Florida’s Proposed ‘Heartbeat Bill’ Ignites Emotional Debate

A bill that would make getting an abortion more difficult in Florida has moved another step closer to becoming law.

The Healthcare Regulation Subcommittee, after emotional and heated debate on March 16, passed the Pregnancy Planning and Support bill, with 13 Republicans voting in favor and five Democrats opposed.

To become law, the bill would still need to pass the state’s Republican-controlled House of Representatives and Senate, before moving to the desk of Gov. Ron DeSantis.

A hearing on the bill drew a crowd and stretched beyond two hours. Of the 142 people signed up to speak at the meeting, most were vehemently opposed to the bill.

Epoch Times Photo
Epoch Times Photo
Speakers at a Florida House of Representatives committee meeting at the state Capitol in Tallahassee wait on March 16, 2023, to share testimony on a bill that would prohibit most abortions after six weeks’ gestation. (Dan M. Berger/The Epoch Times)

Not all would-be speakers showed up. But dozens, many of them college students, came to the podium.

Vastly outnumbered were those who came to speak in favor.

Committee chairman Chuck Clemons, the speaker pro tempore, cautioned the crowd to maintain decorum and keep interactions civil.

“There was the potential for fireworks,” Clemons said later. “The committee was respectful of the viewpoints and offered empathy to those attending and [those who] spoke.”

Clemons thanked each speaker, including those who had criticized committee members or spoken disrespectfully to them.

Proposed Abortion Restrictions

With some exceptions, the proposed bill would ban abortions after six weeks of gestational age. Under a current state law, signed in April 2022 by DeSantis, abortions are limited after 15 weeks of fetal development.

Two months later, the U.S. Supreme Court overturned Roe v. Wade, which had established a constitutional right to abortion in 1973.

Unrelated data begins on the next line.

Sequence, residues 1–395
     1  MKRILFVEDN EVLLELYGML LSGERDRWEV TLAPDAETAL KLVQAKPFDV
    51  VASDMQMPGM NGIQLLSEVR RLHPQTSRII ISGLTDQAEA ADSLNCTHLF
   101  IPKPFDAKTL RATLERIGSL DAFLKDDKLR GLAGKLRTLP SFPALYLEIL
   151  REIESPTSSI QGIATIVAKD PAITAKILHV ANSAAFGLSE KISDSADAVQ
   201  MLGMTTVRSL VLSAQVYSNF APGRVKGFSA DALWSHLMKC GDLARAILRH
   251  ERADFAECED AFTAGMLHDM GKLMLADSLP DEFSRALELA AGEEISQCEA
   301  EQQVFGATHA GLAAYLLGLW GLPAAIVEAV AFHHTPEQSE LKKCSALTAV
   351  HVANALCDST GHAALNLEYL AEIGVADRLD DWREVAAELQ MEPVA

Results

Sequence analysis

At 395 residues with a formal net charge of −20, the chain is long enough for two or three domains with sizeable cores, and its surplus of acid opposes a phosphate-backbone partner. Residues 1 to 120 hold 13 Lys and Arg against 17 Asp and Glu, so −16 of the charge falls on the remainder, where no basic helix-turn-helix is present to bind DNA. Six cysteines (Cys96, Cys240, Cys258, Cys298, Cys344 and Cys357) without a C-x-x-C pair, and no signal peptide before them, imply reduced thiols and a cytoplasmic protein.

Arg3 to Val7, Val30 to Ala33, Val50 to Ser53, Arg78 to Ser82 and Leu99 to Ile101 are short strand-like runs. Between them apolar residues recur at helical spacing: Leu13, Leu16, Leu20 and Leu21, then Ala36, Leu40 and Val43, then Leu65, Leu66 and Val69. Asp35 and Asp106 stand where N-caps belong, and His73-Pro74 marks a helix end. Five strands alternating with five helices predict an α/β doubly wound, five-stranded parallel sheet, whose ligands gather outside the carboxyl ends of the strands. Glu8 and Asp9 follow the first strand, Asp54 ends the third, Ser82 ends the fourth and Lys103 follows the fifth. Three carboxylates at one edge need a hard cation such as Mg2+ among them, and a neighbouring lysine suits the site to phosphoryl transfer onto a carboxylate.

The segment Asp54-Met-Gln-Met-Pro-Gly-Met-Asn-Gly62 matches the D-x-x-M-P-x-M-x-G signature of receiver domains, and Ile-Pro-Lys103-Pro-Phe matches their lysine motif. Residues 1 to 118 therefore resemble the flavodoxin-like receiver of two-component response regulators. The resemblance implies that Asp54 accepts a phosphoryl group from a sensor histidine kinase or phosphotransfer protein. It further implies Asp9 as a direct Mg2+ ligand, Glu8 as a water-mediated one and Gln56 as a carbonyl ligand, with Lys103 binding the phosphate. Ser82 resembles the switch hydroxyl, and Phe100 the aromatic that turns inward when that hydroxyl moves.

The court’s June 2022 ruling in Dobbs v. Jackson Women’s Health Organization sent decisions on abortion back to the states.

Anti-abortion activists
Anti-abortion activists
Pro-life activists demonstrate in front of the Supreme Court after its ruling in the Dobbs v. Jackson Women’s Health Organization case in Washington on June 24, 2022. (Nathan Howard/Getty Images)

The proposed Florida bill maintains existing exceptions that allow later abortions to save the life of the mother or in cases when the developing baby has fatal abnormalities.

It also would allow abortions in cases of rape and incest up to 15 weeks’ gestation.

In 2022, the state reported more than 82,000 abortions—the highest number of procedures in a single year since 2008. Of those, 115 were attributed to rape and seven to incest. As other states have tightened restrictions on abortion, Florida has become known as an “abortion destination,” where, despite the 15-week ban, the procedures currently are easier to obtain than in other parts of the Southeast.

Under the proposed law, for later abortions to be allowed, two doctors would have to agree that the exception is warranted.

The proposed bill also would require that abortion-inducing drugs are dispensed in person by a physician. And it would prohibit the use of telehealth for abortion-inducing treatments.

It also would prohibit using state funds to pay for travel out-of-state to obtain an abortion.


The “fireworks” Clemons had predicted were confined to what numerous speakers said as they came to the dais. Both speakers and lawmakers shared intensely personal experiences.

Epoch Times Photo
Epoch Times Photo
State Rep. Chuck Clemons, a Republican, serves in the 2023 Florida Legislature as speaker pro tempore of the House of Representatives and chairman of the Healthcare Regulation Subcommittee. (Courtesy of the Florida House of Representatives)

Rep. Allison Tant, a Democrat, said her mother nearly died of preeclampsia seven months into pregnancy in the late 1940s. The condition forced her to abort a baby she fiercely wanted.